It’s very rare that I see any debater actually define what they mean when they say “voting issue.” Typically the implication seems to be that a voting issue is “arguments I have a fondness for” or “a convenient grouping of arguments so I can reorganize the 2NR.” If that’s the case, why use this strange phrase of “voting issue?” Why not “primary contentions” or “major points” or “things?”
As with many cases of poor argumentation, the words have been warped beyond their proper meaning. If we take the phrase “voting issue” at face value we can infer a decent amount of meaning. In a debate round, you’re addressing the judge and the judge is ultimately going to vote for a team. So it’s pretty easy to get to where “voting issue” means “an issue that should influence your vote.”
Now, if we make the assumption that all arguments are meant to influence the judge’s vote (I think we can agree on that), and that the phrase “voting issue” ought to mean something separate than “an argument,” what do we have left? I humbly suggest that the most practical, logical use for the term is “issue(s) that justifies a vote for us by itself.” I mean, you want to tell the judge why they should vote for you, so it makes sense to conveniently label all of those reasons.
But what debaters tend to do instead is to have three voting issues and conclude their speech with “for XYZ reasons please vote for us.” Does that mean the judge has to agree with X, Y, AND Z in order to vote for them? Are you suggesting that if I fully agree with arguments Y and Z but find X a bit suspect I should vote for the other team? This seems like a harrowing strategy — putting all of your eggs in the single basket of the judge agreeing with three separate arguments as the only path to victory!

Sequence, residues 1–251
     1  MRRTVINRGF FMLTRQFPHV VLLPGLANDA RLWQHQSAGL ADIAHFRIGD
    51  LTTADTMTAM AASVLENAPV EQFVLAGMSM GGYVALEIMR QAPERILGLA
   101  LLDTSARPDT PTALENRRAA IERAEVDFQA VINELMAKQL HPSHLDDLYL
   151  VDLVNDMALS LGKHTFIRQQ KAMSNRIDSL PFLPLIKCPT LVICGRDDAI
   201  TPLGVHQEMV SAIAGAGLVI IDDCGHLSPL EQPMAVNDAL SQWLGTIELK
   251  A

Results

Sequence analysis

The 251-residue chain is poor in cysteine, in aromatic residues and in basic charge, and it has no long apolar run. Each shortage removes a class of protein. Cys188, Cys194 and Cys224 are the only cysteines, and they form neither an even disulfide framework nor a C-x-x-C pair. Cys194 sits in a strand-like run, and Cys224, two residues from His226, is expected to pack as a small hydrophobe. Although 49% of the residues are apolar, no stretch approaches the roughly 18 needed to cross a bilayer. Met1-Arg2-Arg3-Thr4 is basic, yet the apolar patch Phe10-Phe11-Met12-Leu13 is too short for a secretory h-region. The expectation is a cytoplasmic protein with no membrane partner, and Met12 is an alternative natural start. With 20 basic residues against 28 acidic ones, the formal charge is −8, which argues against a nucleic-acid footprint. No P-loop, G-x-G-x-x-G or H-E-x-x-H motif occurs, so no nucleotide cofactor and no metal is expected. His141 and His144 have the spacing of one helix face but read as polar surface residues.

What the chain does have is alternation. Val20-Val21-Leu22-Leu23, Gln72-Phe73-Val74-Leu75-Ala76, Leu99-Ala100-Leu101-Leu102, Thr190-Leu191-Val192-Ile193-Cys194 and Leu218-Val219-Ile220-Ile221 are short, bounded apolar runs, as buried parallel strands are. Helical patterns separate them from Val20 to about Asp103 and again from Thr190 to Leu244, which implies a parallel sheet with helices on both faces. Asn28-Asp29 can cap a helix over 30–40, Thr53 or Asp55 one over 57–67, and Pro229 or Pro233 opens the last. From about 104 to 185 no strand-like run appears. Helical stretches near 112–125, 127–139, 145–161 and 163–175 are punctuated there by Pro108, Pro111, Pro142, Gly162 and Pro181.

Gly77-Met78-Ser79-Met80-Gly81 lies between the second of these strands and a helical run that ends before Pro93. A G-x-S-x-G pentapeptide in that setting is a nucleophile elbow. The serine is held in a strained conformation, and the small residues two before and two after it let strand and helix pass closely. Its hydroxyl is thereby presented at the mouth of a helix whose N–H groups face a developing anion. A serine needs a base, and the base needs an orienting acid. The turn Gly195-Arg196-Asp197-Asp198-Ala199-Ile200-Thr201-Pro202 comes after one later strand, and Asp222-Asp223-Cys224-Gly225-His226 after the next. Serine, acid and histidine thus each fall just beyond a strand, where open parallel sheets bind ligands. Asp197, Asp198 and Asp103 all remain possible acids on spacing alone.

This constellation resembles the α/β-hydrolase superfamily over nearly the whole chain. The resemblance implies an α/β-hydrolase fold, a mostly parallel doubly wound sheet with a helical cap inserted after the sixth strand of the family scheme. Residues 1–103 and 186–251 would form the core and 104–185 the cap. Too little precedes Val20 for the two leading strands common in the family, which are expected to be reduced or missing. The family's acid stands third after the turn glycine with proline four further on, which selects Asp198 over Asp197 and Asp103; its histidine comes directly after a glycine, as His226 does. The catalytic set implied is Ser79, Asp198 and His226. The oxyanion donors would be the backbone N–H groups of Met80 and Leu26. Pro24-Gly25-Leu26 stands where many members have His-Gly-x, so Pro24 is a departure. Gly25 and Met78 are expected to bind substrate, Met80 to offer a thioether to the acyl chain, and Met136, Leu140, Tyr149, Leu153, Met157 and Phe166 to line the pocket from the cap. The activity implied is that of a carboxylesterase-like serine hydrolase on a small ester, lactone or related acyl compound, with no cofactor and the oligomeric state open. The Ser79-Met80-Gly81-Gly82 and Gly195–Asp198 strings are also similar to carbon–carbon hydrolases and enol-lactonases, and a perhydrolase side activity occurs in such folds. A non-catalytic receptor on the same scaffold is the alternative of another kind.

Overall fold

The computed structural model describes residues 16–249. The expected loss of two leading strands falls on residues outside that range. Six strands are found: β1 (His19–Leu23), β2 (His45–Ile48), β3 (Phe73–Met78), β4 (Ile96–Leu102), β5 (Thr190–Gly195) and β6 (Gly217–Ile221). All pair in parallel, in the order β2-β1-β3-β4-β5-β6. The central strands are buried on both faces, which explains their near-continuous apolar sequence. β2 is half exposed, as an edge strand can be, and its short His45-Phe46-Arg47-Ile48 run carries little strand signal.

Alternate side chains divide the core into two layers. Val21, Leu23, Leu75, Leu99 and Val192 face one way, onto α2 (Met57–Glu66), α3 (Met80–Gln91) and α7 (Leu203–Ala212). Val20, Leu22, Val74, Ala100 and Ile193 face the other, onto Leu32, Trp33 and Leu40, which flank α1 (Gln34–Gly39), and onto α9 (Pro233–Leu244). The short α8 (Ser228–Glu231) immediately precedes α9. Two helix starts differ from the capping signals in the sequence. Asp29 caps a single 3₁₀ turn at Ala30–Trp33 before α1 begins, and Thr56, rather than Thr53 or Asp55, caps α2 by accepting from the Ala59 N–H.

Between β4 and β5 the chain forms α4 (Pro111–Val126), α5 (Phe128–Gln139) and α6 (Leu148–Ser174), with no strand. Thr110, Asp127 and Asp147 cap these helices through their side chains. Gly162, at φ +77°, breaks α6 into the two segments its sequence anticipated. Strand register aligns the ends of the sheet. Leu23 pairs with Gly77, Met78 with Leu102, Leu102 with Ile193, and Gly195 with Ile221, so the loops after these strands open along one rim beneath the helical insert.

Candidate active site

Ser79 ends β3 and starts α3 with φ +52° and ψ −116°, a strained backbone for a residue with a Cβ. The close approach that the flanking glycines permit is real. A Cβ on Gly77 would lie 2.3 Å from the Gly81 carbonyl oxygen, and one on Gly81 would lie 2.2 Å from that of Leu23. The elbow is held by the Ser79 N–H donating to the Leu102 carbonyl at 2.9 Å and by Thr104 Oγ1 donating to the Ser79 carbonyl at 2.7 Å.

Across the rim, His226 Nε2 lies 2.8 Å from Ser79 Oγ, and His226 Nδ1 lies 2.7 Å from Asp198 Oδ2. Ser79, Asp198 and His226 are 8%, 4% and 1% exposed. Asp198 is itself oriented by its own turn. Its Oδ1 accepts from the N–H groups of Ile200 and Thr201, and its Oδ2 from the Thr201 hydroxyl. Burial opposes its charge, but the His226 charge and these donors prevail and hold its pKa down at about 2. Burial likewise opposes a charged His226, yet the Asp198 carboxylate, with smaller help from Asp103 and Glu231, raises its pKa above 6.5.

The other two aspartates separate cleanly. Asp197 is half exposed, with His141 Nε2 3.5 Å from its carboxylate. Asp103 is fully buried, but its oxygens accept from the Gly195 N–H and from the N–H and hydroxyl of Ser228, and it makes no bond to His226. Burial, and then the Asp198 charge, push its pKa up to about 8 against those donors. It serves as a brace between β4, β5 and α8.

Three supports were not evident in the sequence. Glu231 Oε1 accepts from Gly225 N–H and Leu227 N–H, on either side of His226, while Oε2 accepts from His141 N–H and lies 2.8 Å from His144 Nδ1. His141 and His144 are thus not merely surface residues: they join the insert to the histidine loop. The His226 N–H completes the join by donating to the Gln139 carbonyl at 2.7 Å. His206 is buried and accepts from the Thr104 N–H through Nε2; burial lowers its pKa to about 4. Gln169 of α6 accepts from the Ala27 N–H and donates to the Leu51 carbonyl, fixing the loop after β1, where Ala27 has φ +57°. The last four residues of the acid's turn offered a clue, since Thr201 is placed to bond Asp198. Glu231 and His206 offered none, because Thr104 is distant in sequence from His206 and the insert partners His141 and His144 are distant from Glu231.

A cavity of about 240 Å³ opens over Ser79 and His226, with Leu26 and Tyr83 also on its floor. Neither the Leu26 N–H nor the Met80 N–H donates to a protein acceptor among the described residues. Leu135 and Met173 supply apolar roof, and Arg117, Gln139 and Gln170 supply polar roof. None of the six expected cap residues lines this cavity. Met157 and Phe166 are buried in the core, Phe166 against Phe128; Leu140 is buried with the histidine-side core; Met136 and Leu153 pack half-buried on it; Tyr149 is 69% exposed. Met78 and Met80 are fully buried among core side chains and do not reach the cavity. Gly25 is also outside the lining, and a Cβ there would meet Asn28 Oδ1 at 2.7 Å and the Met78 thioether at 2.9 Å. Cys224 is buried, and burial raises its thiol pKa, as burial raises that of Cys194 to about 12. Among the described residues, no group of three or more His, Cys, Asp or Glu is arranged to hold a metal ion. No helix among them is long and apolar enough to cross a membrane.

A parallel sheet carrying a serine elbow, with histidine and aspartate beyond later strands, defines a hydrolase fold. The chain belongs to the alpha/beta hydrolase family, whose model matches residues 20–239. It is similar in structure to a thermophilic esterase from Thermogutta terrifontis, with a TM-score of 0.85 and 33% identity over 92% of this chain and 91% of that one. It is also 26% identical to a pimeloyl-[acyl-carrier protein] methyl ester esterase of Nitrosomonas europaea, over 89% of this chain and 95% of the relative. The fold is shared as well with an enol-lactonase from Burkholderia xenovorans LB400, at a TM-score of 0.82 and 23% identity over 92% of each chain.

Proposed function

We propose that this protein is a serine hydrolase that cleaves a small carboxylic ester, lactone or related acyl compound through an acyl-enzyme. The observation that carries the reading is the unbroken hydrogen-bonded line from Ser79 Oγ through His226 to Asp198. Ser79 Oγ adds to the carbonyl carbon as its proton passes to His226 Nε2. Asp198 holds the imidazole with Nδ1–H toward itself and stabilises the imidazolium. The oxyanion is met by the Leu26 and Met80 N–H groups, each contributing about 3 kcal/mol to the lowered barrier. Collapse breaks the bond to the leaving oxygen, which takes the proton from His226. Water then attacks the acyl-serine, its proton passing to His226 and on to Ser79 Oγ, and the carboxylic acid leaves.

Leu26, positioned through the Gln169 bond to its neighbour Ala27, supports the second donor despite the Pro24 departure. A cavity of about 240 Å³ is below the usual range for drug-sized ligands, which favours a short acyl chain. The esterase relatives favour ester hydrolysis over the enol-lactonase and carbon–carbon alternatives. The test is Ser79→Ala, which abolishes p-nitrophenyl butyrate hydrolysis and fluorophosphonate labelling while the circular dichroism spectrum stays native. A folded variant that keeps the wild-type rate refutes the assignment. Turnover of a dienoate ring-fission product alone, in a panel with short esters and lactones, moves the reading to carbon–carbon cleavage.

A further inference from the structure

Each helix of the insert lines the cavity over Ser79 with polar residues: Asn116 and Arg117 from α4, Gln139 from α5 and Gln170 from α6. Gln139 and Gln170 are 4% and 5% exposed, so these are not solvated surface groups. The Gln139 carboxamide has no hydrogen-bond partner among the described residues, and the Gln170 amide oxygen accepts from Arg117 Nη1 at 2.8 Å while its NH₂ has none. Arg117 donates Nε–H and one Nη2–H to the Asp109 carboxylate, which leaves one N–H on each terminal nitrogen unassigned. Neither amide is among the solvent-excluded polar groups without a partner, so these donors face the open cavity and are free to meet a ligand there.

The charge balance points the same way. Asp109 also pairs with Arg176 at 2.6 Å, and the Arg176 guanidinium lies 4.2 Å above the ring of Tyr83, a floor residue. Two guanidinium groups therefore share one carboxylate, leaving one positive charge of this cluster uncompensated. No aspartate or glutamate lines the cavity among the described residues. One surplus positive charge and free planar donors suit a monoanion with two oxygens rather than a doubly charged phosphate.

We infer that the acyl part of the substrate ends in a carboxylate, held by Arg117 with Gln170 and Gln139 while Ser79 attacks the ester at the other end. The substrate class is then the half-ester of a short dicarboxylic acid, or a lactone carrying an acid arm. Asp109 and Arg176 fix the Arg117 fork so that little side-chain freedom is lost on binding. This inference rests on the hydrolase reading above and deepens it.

So let’s give “voting issue” some meaning and say that it’s an argument or group of arguments that independently justify a ballot in your favor. Once you start thinking of the round this way, you’ve then got to think of how you’re going to justify such statements. At that point, you’re actually thinking strategically.
There’s no better feeling than to step up to a 2NR or 2AR knowing you’ve got multiple independent reasons for the judge to vote for you, and you can justify them all. “Take your pick!” you might tell the judge. When you can do that you’ve truly dominated a round.
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